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North Korea Enters Crypto Market By Stealing $1.7B from Exchanges

North Korean hacker syndicates are suspected of stealing $1.7B over the last five years from banks and cryptocurrency exchanges.

North Korea Enters Crypto Market By Stealing $1.7B from Exchanges
"Haters gonna hate, and ain'ters gonna ain't!" Source: Sony Pictures

According to a report from the South Korean news outlet Chosun, North Korean hacker syndicates are suspected of stealing $1.7B over the last five years.

North Korea is under heavy economic sanctions, so its ability to do business with other nations is limited. It's likely that North Korea sees crypto as a means to evade these sanctions and stimulate economic activity.

North Korea has also done well on its crypto "investments," as Bitcoin is up over 50x since they started stealing it in 2017. According to Koh Myung-hyunat at the Asan Institute for Policy Studies, "North Korea is using the stolen cryptocurrency from the perspective of long-term investment" and North Korea views crypto as "the only financial asset that can be gained while it is under tight economic sanctions."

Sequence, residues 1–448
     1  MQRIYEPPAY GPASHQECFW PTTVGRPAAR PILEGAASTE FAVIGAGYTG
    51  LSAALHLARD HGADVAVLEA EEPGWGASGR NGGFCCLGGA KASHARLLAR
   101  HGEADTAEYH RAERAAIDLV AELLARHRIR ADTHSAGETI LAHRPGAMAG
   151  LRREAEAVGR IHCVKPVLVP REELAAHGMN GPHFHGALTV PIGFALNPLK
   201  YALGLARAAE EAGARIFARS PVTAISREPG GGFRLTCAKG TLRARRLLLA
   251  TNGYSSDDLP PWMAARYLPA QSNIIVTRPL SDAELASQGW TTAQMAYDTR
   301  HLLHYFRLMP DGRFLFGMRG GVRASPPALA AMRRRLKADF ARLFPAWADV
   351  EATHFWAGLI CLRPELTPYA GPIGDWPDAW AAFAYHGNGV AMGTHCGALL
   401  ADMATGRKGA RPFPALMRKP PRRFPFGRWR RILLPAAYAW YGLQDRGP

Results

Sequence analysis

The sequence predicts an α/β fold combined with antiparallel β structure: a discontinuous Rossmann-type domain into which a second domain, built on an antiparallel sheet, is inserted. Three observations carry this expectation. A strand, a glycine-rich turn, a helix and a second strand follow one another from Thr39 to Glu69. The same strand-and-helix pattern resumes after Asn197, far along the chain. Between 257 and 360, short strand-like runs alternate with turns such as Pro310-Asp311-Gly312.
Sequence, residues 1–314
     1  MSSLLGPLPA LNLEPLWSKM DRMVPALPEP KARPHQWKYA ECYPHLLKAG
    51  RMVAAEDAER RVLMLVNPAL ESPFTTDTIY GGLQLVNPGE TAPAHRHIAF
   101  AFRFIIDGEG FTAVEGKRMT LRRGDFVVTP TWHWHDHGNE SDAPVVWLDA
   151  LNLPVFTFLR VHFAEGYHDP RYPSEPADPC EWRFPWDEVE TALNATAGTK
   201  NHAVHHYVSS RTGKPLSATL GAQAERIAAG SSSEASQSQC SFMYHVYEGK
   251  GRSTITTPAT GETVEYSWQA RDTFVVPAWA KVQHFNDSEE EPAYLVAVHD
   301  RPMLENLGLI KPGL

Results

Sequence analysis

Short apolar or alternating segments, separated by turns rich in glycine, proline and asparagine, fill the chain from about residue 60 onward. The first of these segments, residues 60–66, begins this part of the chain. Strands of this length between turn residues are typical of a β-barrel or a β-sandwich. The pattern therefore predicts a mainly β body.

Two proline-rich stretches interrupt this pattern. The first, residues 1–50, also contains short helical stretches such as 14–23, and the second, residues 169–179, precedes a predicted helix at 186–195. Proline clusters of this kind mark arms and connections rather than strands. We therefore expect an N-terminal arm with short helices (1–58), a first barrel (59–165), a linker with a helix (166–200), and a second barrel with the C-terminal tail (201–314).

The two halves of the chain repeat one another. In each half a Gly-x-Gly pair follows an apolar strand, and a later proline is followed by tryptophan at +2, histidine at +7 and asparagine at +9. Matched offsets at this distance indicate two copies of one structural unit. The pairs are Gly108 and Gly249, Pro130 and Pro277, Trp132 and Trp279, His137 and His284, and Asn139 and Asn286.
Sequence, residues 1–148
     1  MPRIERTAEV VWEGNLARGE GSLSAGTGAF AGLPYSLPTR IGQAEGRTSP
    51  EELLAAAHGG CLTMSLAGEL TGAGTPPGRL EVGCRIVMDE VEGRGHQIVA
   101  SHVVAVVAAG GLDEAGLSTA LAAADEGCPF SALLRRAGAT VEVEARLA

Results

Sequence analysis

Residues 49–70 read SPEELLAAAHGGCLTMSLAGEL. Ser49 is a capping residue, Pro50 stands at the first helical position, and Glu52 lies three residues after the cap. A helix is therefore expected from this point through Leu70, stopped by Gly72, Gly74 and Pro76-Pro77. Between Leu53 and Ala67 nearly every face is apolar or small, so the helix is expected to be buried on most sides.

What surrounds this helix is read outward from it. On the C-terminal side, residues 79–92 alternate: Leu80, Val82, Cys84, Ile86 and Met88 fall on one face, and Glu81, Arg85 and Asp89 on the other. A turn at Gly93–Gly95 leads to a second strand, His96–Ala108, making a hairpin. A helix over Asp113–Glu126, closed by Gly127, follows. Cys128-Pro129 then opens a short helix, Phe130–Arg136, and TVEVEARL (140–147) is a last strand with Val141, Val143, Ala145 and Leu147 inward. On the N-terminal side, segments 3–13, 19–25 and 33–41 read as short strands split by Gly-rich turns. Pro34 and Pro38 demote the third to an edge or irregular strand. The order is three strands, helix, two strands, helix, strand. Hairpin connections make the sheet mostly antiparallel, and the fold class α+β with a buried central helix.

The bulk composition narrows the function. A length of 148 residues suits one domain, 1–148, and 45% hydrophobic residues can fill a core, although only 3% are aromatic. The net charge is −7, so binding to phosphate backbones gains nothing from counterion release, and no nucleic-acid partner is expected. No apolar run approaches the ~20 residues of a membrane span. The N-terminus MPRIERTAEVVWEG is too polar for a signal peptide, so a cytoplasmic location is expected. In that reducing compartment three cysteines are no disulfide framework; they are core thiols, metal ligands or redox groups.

The United States has accused North Korea of committing financial cyber crimes as early as 2016. When the US Justice Department unsealed its charges against several North Koreans with theft of fiat and crypto, it also laid out the scope of North Korea's hacking efforts.

The US believes North Korean hackers targeted banks in Malta in 2019, ATMs and crypto exchanges worldwide in 2017, an Indonesian crypto exchange in 2018, and a finance firm in New York in 2021. John C. Demers, assistant attorney general for national security said, "North Korea’s operatives, using keyboards rather than guns, stealing digital wallets of cryptocurrency instead of sacks of cash, have become the world’s leading bank robbers"

After stealing the crypto, North Korea launders it using tumblers or a "peel chain" tactic, where Bitcoin is quickly moved across hundreds or thousands of wallets. This makes it tougher to track and makes the Bitcoin less likely to be flagged as stolen.